Helping it

His eyes sweep the room, and he kind of smiles at my partner: ‘All the girls are at the meeting. Except you. And you are not really a girl, are you? Ha ha.’

Words from the Episcopal Church of Scotland’s Cascade conversations on LGBT relationships: ‘They can’t help it.’

The Bishop of the Church of England who stands in the Lords to deplore the hate-crime murders in Orlando does not mention that they were hate crimes, directed against the LGBT community.

Owen Jones leaves a Sky news programme when the other presenters will not acknowledge that the Orlando attack is a hate crime.

The thing is this. If you want to own the pain, and the bishop plainly does, you have to be prepared to be part of the solution. You have to be out there, fighting hard, and taking some of the flack. There is, currently, only one C of E bishop doing this, and Alan Wilson is not in the Lords.

If you are fighting hard, then you will see at once that an attack on a gay nightclub is an attack on gay people.  Some have seen this. Gay Pride events are promised stepped-up policing.

The C of E, not so much. If you are part of a same-sex clergy couple, you risk losing your job. Same sex couples cannot marry in C of E churches. And that sends a clear signal that the relationships of LGBT people are not of equal value to those of opposite sex couples. It is because ‘they’ cannot help it. It is because lesbians are not really women and gay men not really blokes. And that, all of it, the snide comments, the nasty little prohibitions, is the very fertile ground which fed the American gunman who killed fifty people on Sunday night.

 

 

Love, sex and role play

Perhaps it was the cooking pots which were to blame. Lead, you see. Poison. Whatever it was, Roman women tended to have very few children. Well, I say women, but in fact some were little more then children themselves. Today we would look at many marriages from that age, and say ‘child abuse’. A woman passed from her father to her husband in her girlhood.

The Romans had a lot of angst about having enough children – and honoured women who had good fertility. That may in part have fed the suspicion of recreational sex among Roman Christians. Certainly by the late antique period, sex was, for the Christian, to be directed merely at the creation of children, and not to be enjoyed for itself at all.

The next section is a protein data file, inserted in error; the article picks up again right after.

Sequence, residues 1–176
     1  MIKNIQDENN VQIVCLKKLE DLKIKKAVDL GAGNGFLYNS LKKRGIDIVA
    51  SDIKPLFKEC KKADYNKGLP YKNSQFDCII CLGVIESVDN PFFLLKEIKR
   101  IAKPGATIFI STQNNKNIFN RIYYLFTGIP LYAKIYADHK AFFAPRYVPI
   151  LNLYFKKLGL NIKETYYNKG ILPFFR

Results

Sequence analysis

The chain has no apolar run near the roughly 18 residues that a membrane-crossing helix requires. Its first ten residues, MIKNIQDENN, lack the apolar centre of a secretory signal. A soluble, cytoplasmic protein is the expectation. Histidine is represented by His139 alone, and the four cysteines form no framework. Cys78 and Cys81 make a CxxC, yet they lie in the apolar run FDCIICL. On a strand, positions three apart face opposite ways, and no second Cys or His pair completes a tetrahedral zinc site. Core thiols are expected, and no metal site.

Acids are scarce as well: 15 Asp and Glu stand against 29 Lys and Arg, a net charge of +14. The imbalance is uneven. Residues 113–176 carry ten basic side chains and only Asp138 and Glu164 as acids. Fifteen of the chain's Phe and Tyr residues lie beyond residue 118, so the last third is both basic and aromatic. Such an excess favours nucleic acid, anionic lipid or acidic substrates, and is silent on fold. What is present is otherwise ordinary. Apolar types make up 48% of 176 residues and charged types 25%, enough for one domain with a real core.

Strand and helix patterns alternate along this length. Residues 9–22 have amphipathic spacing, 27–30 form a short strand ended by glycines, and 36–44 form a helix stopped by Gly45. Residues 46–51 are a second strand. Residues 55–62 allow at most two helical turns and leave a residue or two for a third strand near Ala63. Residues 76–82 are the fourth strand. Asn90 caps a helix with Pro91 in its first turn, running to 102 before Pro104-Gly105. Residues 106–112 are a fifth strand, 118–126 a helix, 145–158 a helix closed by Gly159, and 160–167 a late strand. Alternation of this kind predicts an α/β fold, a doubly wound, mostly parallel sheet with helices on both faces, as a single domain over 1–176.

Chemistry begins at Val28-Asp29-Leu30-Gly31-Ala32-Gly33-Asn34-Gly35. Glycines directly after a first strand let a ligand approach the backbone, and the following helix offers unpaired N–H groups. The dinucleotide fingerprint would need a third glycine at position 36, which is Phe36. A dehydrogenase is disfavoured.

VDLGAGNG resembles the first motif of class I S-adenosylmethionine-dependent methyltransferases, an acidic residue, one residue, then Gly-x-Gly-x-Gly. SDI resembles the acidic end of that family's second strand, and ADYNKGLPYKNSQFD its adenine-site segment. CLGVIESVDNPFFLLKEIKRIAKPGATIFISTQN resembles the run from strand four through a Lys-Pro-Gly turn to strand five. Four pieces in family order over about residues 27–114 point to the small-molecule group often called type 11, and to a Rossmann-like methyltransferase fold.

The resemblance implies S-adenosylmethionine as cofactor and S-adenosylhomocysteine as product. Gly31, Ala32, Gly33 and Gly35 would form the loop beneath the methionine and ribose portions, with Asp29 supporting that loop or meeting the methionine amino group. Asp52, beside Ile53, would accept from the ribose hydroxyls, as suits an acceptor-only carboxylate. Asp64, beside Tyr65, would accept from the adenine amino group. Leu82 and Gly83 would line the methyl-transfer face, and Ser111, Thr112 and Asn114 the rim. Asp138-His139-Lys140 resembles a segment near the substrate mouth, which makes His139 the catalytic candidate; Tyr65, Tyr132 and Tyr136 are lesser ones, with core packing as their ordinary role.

Shakespeare’s Taming of the Shrew is without irony. He can imagine that it is perfectly correct for a husband so to break his wife’s spirit that she will simply yield to his mastery. He lives in a world of hierarchy, with the monarch at the top, and then the nobles, the gentry, men, woman and children, all sliding down a pyramid. And marriage shores it up, by making certain that there is a noble self-sacrificing woman under each great man.

It is, of course, very easy to over-emphasise the degree to which women were actually subservient. Lady Macbeth is a monster, and her domination of her husband proves it, but she is very believable monster. Beatrice is a delight, a heroine and anything but subservient. Nobody who listens to Juliet thinks for a moment that the Christians of Shakespeare’s age are avoiding the pleasures of sensual love making.

My point is this – marriage had already changed. Even if the church was still somewhat sniffy about the pleasures of sex, nobody in society was really aiming at joyless sex any longer.

By the time you get to Jane Austen’s writing, women are openly considering the attractions of their potential husbands – whose figures may attract or repel, as well as their characters. Her heroines are seeking what it is posh to call companionate marriage. A marriage based on an equality of regard, if not an equality of power.